2) She performed an apparent abortion on herself by taking a huge amount of quinine (a known abortifacient of that time). Hotel employees reported that she had appeared pale, ill, and very unhappy during her stay. The large bottle of quinine was found in her room following her death.
3) And finally, it is know that Kate ventured into San Diego, and purchased a gun and shells.Five days after Kate Morgan checked into the Hotel del Coronado, she was found dead on a set of stairs just off the veranda that lead down to the beach, a single bullet wound to her right temple. The gun lay near Kate's body, two steps below. Blood was on the gun as well as on her hand.
Kate's death was immediately ruled as suicide, and for years this was the accepted cause of death. It wasn't until 1990, when Alan May published a book called, "The Legend of Kate Morgan: The Search for the Ghost of the Hotel del Coronado", that another theory was suggested.
May, an attorney who specialized in murder cases, concluded that Kate did not take her own life, but rather, that she was murdered by her husband, Thomas. He supports his theory by citing some compelling evidence, such as the fact that the bullet in Kate's head was of a different caliber than the bullets for the gun she purchased in San Diego. Also, the positioning of her body on the steps was not consistent with a suicide, suggesting that she was shot first, then dumped on the stairs--a gun with her blood on it was planted nearby to give the appearance of a suicide. May also suggests that a maid who worked at the hotel at the time, and may have befriended Kate, also disappeared the day after Kate's funeral. One story further proposes that the body of the maid was found by hotel staff and was removed in a covert attempt to keep publicity and anxiety at a minimum.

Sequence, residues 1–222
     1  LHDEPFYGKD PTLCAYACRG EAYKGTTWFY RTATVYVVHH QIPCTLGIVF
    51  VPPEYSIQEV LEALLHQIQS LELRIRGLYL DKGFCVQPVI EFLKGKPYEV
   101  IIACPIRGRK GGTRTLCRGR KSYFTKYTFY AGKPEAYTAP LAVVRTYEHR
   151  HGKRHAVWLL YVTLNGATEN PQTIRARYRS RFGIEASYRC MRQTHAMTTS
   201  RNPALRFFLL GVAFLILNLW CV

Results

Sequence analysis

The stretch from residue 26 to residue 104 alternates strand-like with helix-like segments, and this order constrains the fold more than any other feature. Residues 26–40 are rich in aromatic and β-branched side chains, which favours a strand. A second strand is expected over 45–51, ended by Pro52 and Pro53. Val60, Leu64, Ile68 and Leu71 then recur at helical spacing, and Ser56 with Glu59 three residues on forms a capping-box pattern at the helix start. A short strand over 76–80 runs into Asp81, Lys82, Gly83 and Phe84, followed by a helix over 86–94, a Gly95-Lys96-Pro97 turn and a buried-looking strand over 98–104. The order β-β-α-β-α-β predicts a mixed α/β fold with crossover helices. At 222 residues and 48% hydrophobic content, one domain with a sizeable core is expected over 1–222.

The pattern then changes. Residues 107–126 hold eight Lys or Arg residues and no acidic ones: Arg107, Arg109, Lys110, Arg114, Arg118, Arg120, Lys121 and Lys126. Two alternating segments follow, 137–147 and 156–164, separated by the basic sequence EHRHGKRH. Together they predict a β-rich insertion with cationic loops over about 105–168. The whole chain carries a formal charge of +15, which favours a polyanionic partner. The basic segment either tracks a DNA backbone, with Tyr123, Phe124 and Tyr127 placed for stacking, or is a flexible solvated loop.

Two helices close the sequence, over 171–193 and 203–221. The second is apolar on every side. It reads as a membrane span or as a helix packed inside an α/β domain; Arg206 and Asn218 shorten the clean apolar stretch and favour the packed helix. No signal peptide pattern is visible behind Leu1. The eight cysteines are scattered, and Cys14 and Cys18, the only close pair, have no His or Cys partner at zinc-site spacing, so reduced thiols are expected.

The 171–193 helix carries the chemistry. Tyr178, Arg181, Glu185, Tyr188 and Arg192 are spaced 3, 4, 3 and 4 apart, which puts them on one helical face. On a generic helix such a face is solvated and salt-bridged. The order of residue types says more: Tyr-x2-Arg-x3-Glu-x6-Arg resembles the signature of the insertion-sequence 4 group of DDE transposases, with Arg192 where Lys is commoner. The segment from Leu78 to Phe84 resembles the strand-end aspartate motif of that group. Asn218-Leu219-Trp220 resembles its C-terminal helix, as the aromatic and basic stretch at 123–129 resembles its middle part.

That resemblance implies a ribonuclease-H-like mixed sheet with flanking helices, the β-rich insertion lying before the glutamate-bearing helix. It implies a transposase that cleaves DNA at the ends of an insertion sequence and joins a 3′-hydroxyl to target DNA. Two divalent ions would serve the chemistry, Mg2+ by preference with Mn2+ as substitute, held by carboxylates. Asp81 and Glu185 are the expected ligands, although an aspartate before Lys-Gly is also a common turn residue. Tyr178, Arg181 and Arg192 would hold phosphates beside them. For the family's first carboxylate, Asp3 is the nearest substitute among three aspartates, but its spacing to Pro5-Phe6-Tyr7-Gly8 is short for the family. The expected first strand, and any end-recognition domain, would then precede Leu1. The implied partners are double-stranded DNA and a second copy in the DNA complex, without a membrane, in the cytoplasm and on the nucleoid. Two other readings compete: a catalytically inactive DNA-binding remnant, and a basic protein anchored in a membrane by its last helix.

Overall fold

To this day, the legend of Kate Morgan still elicites curiosity and sparks interest. Since Kate's death in 1892, numerous claims of paranormal activity have been reported in the room where Kate stayed (room 302, now number 3312), and other areas of the hotel. Claims range from murmuring sounds to electrical problems, flickering lights, and unusual scents; from curtains that seem to blow in the wind despite the fact that the window is closed, to unexplained voices; or objects that move and televisions that turn on and off by themselves. Moreover, many people have claimed that they actually have seen the ghost of Kate Morgan, themselves.Over the years, numerous paranormal researchers have used their latest technology, such as radiation sensors, microwave imaging, high frequency sound detection, infrared cameras, and night vision goggles to substantiate and record unexplained paranormal activitity at The Del. Some of the noted activity at the hotel includes magnetic fields, drastic temper-ature fluctuations, and electronic dis-charges.
Perhaps someday these complex and high-tech tests may prove the unexplainable accounts, but there are still other claims which have been made that might never be explained. Such is the case of the peculiar incident reported by one of President Gerald Ford's Secret Service-men during their stay at the hotel. The agent apparently called the hotel management to report the noisy guests who were staying in the room above him.This turns out to be a particularily odd complaint because....He was staying in Kate Morgan's room---And it's located on the top floor.